• She sees not the Lesbians kissing mouth
  • To mouth across lute strings, drunken with singing,
  • Nor the white feet of the Oceanides
  •    Shining and unsandalled.
  • Before her go cryings and lamentations
  • Of barren women, a thunder of wings,
  • While ghosts of outcast Lethean women, lamenting,
  •    Stiffen the twilight.
William Faulkner

William Faulkner (1897-1962) was an American writer and winner of the 1949 Nobel Prize in Literature. While he is best known for his novels—which earned him a place among the greatest of American writers—he also wrote poetry, which often reflected the same concern for place or region as an essential dynamic in the psychological struggle to comprehend modern reality that he exhibited in his novels and short stories about the South. His two collections of verse, Visions of Spring (1921) and The Marble Faun and a Green Bough (1924), serve as a sort of apprenticeship for his fiction; both were written prior to his debut novel, A Soldier’s Pay (1926).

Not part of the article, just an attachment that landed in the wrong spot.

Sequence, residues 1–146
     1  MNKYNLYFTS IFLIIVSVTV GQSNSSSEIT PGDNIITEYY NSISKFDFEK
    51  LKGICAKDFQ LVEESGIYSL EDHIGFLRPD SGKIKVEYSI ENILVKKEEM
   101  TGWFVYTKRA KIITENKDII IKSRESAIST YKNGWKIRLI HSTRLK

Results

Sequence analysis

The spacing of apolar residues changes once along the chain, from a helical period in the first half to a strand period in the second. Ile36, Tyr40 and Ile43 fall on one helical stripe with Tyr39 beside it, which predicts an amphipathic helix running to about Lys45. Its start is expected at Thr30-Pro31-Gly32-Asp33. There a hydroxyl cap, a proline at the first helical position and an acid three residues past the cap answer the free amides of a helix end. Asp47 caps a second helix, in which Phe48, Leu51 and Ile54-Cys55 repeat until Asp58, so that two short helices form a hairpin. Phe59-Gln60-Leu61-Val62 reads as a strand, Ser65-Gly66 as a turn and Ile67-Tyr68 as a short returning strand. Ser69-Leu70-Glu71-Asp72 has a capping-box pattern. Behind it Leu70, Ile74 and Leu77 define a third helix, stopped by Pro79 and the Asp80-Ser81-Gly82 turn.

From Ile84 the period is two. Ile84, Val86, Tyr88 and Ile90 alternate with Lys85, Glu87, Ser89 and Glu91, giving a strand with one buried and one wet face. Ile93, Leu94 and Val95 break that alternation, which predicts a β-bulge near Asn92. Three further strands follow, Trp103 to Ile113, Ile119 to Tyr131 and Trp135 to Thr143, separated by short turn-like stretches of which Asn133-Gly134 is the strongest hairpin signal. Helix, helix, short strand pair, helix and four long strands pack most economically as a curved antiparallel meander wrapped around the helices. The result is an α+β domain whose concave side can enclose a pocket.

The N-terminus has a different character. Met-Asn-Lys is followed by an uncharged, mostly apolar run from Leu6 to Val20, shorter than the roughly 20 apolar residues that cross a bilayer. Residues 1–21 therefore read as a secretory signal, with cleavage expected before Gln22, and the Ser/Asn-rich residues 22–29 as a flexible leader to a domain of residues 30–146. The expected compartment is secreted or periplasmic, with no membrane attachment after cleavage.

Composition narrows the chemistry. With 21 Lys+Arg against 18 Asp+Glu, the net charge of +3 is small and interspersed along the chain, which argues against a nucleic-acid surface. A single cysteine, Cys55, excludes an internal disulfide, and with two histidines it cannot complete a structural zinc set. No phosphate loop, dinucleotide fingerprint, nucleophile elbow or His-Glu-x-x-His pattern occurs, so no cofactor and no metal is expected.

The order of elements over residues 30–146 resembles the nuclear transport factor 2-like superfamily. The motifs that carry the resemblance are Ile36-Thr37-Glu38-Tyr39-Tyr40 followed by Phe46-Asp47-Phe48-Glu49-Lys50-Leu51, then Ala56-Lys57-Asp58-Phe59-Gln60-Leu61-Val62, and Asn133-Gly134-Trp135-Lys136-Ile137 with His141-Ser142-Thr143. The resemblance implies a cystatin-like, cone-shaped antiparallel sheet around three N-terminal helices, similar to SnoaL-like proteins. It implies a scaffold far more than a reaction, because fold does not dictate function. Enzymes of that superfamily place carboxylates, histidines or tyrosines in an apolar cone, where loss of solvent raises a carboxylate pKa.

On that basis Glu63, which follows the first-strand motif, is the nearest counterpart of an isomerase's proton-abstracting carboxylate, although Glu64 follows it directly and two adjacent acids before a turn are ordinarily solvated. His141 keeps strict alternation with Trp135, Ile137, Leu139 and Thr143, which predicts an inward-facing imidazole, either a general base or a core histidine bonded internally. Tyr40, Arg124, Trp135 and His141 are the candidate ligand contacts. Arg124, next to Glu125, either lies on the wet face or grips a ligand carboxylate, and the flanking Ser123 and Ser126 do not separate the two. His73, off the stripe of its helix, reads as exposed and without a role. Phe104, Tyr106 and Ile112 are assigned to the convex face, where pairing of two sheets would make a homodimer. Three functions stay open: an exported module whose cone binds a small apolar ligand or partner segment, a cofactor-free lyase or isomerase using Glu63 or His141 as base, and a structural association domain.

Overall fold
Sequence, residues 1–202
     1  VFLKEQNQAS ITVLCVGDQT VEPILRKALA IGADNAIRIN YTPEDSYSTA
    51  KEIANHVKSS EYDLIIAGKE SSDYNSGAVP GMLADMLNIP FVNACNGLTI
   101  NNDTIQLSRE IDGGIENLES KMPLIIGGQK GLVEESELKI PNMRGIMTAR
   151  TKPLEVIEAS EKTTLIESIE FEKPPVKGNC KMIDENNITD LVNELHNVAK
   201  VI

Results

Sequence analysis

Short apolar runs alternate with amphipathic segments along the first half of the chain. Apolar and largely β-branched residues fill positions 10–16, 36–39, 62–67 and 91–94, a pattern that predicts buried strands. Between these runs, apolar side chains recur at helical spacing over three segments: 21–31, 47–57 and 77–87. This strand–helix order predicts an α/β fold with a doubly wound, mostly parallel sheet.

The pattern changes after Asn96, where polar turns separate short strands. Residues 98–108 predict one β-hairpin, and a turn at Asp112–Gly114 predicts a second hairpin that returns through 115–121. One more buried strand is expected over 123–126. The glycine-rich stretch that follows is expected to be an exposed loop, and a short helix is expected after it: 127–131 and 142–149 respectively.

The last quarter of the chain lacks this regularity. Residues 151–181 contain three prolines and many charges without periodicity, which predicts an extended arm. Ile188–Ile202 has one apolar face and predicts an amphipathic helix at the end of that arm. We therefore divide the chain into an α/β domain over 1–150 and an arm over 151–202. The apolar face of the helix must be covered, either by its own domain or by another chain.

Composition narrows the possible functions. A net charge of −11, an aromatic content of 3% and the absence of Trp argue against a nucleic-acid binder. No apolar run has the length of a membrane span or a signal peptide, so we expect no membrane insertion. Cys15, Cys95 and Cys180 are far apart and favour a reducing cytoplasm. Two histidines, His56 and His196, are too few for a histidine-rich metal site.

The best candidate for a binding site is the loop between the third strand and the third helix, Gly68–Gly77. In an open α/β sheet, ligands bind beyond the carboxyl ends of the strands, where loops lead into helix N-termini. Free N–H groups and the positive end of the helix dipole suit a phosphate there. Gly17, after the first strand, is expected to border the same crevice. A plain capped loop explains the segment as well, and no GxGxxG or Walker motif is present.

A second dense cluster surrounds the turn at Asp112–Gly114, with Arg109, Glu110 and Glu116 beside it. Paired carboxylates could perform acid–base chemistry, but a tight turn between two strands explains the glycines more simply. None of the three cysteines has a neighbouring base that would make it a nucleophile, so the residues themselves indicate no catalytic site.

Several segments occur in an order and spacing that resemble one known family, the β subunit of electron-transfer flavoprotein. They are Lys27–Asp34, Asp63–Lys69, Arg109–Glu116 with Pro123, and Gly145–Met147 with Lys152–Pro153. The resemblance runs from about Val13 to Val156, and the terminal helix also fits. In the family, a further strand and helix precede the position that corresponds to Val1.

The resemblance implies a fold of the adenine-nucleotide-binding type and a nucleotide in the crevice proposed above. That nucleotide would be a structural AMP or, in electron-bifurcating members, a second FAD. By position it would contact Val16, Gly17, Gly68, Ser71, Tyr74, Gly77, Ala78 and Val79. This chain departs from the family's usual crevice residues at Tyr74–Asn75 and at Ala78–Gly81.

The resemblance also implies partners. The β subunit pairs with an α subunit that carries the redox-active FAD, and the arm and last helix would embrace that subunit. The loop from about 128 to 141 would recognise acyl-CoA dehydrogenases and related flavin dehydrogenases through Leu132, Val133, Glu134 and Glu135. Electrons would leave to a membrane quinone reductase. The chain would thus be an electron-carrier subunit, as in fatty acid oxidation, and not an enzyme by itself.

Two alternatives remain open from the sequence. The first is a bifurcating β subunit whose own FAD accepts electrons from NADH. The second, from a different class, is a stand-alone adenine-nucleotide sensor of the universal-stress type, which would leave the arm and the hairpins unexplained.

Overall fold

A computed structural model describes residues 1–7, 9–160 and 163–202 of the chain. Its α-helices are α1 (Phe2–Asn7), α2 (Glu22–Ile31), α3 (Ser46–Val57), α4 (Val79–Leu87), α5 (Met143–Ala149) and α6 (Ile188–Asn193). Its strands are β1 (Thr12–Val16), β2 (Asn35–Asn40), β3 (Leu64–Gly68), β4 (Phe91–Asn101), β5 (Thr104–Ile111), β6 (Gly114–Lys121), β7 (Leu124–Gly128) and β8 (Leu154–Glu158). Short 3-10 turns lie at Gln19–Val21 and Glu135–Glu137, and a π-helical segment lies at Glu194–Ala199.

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4S Ranch Allied Gardens Alpine Baja Balboa Park Bankers Hill Barrio Logan Bay Ho Bay Park Black Mountain Ranch Blossom Valley Bonita Bonsall Borrego Springs Boulevard Campo Cardiff-by-the-Sea Carlsbad Carmel Mountain Carmel Valley Chollas View Chula Vista City College City Heights Clairemont College Area Coronado CSU San Marcos Cuyamaca College Del Cerro Del Mar Descanso Downtown San Diego Eastlake East Village El Cajon Emerald Hills Encanto Encinitas Escondido Fallbrook Fletcher Hills Golden Hill Grant Hill Grantville Grossmont College Guatay Harbor Island Hillcrest Imperial Beach Imperial Valley Jacumba Jamacha-Lomita Jamul Julian Kearny Mesa Kensington La Jolla Lakeside La Mesa Lemon Grove Leucadia Liberty Station Lincoln Acres Lincoln Park Linda Vista Little Italy Logan Heights Mesa College Midway District MiraCosta College Miramar Miramar College Mira Mesa Mission Beach Mission Hills Mission Valley Mountain View Mount Hope Mount Laguna National City Nestor Normal Heights North Park Oak Park Ocean Beach Oceanside Old Town Otay Mesa Pacific Beach Pala Palomar College Palomar Mountain Paradise Hills Pauma Valley Pine Valley Point Loma Point Loma Nazarene Potrero Poway Rainbow Ramona Rancho Bernardo Rancho Penasquitos Rancho San Diego Rancho Santa Fe Rolando San Carlos San Marcos San Onofre Santa Ysabel Santee San Ysidro Scripps Ranch SDSU Serra Mesa Shelltown Shelter Island Sherman Heights Skyline Solana Beach Sorrento Valley Southcrest South Park Southwestern College Spring Valley Stockton Talmadge Temecula Tierrasanta Tijuana UCSD University City University Heights USD Valencia Park Valley Center Vista Warner Springs